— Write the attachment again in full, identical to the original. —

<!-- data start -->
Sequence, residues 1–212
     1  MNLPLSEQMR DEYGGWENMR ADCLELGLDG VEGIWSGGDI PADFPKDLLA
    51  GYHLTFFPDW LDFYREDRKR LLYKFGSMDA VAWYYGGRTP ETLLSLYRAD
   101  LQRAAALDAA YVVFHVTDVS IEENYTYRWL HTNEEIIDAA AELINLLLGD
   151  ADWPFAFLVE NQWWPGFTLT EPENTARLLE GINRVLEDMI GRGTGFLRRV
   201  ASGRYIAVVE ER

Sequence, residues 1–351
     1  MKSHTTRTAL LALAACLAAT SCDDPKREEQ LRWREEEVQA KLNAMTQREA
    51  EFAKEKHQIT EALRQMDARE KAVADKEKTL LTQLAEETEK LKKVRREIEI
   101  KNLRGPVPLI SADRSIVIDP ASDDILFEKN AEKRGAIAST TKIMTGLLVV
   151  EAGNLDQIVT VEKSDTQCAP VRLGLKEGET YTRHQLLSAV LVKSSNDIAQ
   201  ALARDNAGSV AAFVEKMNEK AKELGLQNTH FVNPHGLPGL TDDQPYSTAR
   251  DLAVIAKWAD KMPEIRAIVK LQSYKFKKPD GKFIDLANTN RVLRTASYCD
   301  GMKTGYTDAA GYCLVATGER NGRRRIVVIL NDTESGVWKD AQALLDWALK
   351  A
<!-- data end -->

Sequence, residues 1–212
     1  MNLPLSEQMR DEYGGWENMR ADCLELGLDG VEGIWSGGDI PADFPKDLLA
    51  GYHLTFFPDW LDFYREDRKR LLYKFGSMDA VAWYYGGRTP ETLLSLYRAD
   101  LQRAAALDAA YVVFHVTDVS IEENYTYRWL HTNEEIIDAA AELINLLLGD
   151  ADWPFAFLVE NQWWPGFTLT EPENTARLLE GINRVLEDMI GRGTGFLRRV
   201  ASGRYIAVVE ER

Sequence, residues 1–351
     1  MKSHTTRTAL LALAACLAAT SCDDPKREEQ LRWREEEVQA KLNAMTQREA
    51  EFAKEKHQIT EALRQMDARE KAVADKEKTL LTQLAEETEK LKKVRREIEI
   101  KNLRGPVPLI SADRSIVIDP ASDDILFEKN AEKRGAIAST TKIMTGLLVV
   151  EAGNLDQIVT VEKSDTQCAP VRLGLKEGET YTRHQLLSAV LVKSSNDIAQ
   201  ALARDNAGSV AAFVEKMNEK AKELGLQNTH FVNPHGLPGL TDDQPYSTAR
   251  DLAVIAKWAD KMPEIRAIVK LQSYKFKKPD GKFIDLANTN RVLRTASYCD
   301  GMKTGYTDAA GYCLVATGER NGRRRIVVIL NDTESGVWKD AQALLDWALK
   351  A